2022, PG-13, 104 min. Directed by Jessica M. Thompson. Starring Nathalie Emmanuel, Thomas Doherty, Courtney Taylor, Hugh Skinner, Sean Pertwee.
REVIEWED By Jenny Nulf, Fri., Sept. 2, 2022
It almost feels like yesterday that Twilight changed the course of young adult fiction as we know it. The vampire romance engulfed the bookstore shelves, so much so that YA sections added a new subsection: paranormal romance. Although the alluring spell of vampires was not new in the late 2000s, the genre’s growing popularity oversaturated the market, and the influence of Twilight never sauntered away, lingering not only in literature but in the film and television world as well.
The Invitation feels like it belongs in the Twilight and True Blood era, reminiscent of books like Blue Bloods, a Gossip Girl-style bloodsucker series that dabbles in the wealthy elite circles of New York life. The Invitation sinks its fangs into the British nobility, an attempt at a biting critique on white generational wealth. It’s one of the most unoriginal routes in vampire canon, overused and quite frankly boring. Director Jessica M. Thompson and writer Blair Butler attempt a revamp by adding race into the mix – Game of Thrones star Nathalie Emmanuel plays Evie, a young American woman who is convinced to visit her long-lost white family in England for the “wedding of the century.” There, she meets the dashing Walter, played by Gossip Girl 2.0’s Thomas Doherty, who is as properly creepy as he is charming – the Edward Cullen special.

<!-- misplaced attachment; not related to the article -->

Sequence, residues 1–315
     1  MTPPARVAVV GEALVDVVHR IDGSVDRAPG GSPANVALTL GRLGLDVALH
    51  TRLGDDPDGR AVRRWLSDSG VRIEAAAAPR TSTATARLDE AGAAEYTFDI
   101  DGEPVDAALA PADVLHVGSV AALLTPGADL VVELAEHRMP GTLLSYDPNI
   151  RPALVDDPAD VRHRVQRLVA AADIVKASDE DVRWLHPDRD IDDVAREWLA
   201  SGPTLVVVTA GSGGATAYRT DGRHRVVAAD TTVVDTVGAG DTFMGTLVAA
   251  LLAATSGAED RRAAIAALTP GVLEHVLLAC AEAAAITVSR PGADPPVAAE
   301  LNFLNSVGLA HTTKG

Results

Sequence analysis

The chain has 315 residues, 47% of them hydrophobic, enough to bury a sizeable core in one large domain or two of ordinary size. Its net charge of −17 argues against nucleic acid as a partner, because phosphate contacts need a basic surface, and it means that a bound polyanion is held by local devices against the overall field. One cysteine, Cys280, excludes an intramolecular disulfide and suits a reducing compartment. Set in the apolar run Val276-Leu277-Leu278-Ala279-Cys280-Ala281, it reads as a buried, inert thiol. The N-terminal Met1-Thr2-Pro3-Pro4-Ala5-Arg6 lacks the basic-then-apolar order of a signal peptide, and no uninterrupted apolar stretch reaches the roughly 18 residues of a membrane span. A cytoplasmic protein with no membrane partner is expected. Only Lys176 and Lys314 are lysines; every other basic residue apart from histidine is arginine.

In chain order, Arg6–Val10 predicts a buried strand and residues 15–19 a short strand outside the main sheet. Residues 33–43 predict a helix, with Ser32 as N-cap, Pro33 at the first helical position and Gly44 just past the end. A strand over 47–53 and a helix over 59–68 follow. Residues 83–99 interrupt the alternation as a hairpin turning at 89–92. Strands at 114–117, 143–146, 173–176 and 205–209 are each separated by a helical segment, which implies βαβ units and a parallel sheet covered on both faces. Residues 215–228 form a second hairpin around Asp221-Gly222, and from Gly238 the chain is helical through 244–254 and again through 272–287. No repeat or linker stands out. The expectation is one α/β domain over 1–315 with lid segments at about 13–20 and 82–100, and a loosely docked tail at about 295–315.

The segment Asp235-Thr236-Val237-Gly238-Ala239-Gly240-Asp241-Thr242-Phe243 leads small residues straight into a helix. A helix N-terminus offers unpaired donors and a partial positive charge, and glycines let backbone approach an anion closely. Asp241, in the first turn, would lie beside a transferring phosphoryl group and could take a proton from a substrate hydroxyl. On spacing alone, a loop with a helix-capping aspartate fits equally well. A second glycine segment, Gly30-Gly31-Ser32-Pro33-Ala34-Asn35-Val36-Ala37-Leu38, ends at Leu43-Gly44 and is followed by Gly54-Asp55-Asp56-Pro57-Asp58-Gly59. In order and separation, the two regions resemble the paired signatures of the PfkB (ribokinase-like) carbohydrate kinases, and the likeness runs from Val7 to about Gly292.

Evie and Walter dance around their feelings for a good 70 minutes of the film’s run time until the plot finally kicks in, when the vampires are revealed and chaos is unleashed as Evie attempts to flee her psycho distant relatives. Get Out and Ready or Not will likely come up in conversation for those who have seen The Invitation, but it is more reminiscent of classic Dracula adaptations, where vampirism is unwanted versus desired. While not as bad as last year’s Dead & Beautiful, The Invitation is just as painfully dull. It wants to be sexy and spooky at the same time, and offers nothing of the sort: moving at a glacier pace with an even icier romance, devoid of any kind of heat and cleverness that would make it at least campy enough to enjoy.
Often too slick and too posh for its own good, there’s nothing really enjoyable about The Invitation. It’s technically fine, but fine is not what you want from your lusty vampire genre. There’s no glitz or glamour to set it apart from the pack, and that’s ultimately its demise.